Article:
Given the multitude of economic difficulties young people face including student loans, the rise in housing costs, and the fact that real wages have not kept up with inflation, I think maybe they just view wealth as such a fantastical idea that they can't suspend their disbelief and include it in a game. A fire breathing dragon? Ho hum. A crab-like mechanical device you get inside and pilot? Yawn. A young adventurer with no debt and plenty of purchasing power? That's just totally unrealistic.
There's something to this, in that aspects of the game that simulate an economic system don't appeal as much to people anymore. In a city game I ran, I borrowed a conceit from dragon heist where the players get a big house/apartment. My players liked it and referred to it as the "air bnb." But I don't think they would have wanted any part in purchasing and maintaining a domain as a discrete activity. Personally, I don't really like anything that ties my character down. I'll just stay at the tavern and ramble on to the next town with my obligatory bag of holding.
 

Marc_C

Solitary Role Playing
There's something to this, in that aspects of the game that simulate an economic system don't appeal as much to people anymore. In a city game I ran, I borrowed a conceit from dragon heist where the players get a big house/apartment. My players liked it and referred to it as the "air bnb." But I don't think they would have wanted any part in purchasing and maintaining a domain as a discrete activity. Personally, I don't really like anything that ties my character down. I'll just stay at the tavern and ramble on to the next town with my obligatory bag of holding.

I wonder about that. Coriolis and many other sci-fi games have the "Firefly must survive by the seat of their pants with a new contract or die in space because of a faulty part". They seem popular enough as games when you look at the success level of the KS.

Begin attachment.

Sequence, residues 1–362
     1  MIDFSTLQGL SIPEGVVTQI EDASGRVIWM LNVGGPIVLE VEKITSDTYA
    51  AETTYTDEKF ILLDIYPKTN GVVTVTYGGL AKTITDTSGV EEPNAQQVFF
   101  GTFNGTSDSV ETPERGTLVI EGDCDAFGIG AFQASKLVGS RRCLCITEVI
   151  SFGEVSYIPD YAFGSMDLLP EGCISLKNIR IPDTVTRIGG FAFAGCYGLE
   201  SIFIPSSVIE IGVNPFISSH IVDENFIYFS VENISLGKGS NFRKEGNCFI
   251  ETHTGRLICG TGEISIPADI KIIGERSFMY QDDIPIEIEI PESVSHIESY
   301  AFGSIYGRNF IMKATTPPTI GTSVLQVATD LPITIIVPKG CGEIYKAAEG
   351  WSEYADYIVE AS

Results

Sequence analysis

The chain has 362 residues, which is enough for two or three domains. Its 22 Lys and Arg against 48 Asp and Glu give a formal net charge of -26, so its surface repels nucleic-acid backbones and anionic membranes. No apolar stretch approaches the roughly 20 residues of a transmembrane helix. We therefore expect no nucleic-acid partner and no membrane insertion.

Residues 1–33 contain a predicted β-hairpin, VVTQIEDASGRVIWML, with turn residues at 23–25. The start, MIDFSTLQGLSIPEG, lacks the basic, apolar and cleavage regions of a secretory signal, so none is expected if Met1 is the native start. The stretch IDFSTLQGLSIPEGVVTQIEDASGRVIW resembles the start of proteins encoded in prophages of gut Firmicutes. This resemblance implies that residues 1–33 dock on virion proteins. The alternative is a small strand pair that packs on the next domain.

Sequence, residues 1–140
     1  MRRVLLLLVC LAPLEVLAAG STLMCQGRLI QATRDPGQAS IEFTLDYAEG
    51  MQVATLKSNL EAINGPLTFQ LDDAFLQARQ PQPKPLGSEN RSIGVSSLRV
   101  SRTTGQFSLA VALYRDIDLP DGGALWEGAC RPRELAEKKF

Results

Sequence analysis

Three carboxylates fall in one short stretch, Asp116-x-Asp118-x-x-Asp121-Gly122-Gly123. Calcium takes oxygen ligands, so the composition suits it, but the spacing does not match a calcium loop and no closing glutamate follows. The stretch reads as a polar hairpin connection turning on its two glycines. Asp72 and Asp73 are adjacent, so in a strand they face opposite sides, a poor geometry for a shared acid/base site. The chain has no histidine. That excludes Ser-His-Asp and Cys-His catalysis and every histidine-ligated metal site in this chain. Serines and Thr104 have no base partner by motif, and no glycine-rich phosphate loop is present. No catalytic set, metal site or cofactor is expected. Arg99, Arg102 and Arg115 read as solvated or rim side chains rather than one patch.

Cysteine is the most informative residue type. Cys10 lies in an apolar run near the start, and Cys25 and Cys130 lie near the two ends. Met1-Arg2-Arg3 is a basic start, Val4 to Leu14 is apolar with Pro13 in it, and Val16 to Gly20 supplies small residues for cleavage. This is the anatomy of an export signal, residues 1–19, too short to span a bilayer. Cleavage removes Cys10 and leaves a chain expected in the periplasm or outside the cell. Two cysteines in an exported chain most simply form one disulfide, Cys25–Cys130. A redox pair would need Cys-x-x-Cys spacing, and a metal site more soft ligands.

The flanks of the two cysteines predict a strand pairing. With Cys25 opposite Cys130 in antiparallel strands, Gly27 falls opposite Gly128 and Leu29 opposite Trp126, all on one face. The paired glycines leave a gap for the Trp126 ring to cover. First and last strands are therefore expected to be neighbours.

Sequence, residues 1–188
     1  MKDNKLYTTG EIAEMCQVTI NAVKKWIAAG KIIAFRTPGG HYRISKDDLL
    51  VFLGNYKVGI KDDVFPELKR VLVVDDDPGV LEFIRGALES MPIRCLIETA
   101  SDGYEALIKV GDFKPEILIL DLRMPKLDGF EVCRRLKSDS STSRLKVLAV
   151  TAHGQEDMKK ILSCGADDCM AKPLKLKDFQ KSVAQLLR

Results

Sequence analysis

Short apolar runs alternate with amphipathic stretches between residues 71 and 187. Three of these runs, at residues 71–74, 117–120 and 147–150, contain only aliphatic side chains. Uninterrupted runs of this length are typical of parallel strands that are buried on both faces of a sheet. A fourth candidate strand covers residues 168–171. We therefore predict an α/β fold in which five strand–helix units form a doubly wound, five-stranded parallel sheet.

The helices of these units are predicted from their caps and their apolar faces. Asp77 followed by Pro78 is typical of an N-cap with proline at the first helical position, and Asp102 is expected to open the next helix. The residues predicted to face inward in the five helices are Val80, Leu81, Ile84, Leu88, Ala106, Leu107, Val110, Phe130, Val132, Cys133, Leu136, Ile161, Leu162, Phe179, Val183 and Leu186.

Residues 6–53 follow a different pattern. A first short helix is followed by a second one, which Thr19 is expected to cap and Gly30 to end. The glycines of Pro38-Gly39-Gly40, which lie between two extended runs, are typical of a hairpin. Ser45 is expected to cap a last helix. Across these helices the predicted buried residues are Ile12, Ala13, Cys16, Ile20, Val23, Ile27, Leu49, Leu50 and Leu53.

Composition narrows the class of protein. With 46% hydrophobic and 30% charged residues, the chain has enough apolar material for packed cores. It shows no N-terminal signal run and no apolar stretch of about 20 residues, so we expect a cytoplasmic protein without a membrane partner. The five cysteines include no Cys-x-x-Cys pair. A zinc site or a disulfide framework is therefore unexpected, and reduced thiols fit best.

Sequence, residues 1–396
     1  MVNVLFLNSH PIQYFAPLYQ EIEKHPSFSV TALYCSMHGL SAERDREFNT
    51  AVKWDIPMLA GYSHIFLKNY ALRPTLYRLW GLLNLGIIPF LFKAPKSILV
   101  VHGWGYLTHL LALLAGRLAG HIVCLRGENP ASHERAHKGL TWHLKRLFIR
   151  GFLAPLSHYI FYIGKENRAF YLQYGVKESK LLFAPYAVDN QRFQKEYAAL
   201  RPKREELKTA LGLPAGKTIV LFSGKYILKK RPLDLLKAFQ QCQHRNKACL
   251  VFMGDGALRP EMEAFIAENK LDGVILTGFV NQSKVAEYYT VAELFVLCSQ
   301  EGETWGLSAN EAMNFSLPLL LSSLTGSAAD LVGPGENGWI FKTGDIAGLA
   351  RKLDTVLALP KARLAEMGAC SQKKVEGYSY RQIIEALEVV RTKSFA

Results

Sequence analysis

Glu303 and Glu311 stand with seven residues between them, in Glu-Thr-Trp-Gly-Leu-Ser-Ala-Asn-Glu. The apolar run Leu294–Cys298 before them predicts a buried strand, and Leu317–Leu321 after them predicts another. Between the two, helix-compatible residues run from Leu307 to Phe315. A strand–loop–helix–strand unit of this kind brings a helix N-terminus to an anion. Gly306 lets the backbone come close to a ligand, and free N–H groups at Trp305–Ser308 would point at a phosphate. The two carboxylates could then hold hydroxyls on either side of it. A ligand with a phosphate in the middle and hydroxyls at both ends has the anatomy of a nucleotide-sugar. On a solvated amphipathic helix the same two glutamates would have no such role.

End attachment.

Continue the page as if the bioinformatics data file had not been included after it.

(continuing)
Sithlord

Adventurer
I wonder how big a PHB would be if it had everything that I am seeing on this thread that people think should be in it. On another matter I still play RC and they have pretty good rules on these things. Although I still consult my companion ruleset for somethings.
 



darjr

I crit!
More like 600 reading this thread. They want rules for castles and strongholds, running a kingdom, thief guilds, merchant guilds, temples, the shipping industry, magic shops, and more.
Yea. What the? I mean want what you want. That’s cool. Go make it if nobody else seems to want it…. Or if your right you’ll have fans! Win win!
 


Sithlord

Adventurer
Yea. What the? I mean want what you want. That’s cool. Go make it if nobody else seems to want it…. Or if your right you’ll have fans! Win win!
Exactly. Make it yourself or find a good third party product on it. There are several. Can’t make everything for everyone. I would say there are very few people that want this. And it’s cool. I love these things. I don’t think they will sell well enough. And their are very creative people doing this on their own and willing to publish it themselves for people that want it. I really think it’s snobbery for some that they won’t touch it if wotc doesn’t provide it.
 

Reynard

Legend
Exactly. Make it yourself or find a good third party product on it. There are several. Can’t make everything for everyone. I would say there are very few people that want this. And it’s cool. I love these things. I don’t think they will sell well enough. And their are very creative people doing this on their own and willing to publish it themselves for people that want it. I really think it’s snobbery for some that they won’t touch it if wotc doesn’t provide it.
The assumption is that WotC stuff would be well researched and playtested. That's obviously not true. cough**gloomstalkerranger**cough
 


More like 600 reading this thread. They want rules for castles and strongholds, running a kingdom, thief guilds, merchant guilds, temples, the shipping industry, magic shops, and more.
There should be 0 pages for any of this stuff in the dmg. Because:

there are very few people that want this.
Acquiring massive amounts of wealth and spending that wealth in domains of various sorts does not correspond to how and why most people play the game. If you are playing an adventure path that has you traveling all over a world map for a campaign that lasts 2 months of in-game time and takes you to level 10, you're never going to interact with downtime let alone domains. If they were going to include anything about gold in the dmg, they could include some advice on how to use gold to support that latter playstyle instead of perfunctory chart about how long it takes to build a castle. That being said magic item prices would probably be very popular among certain players.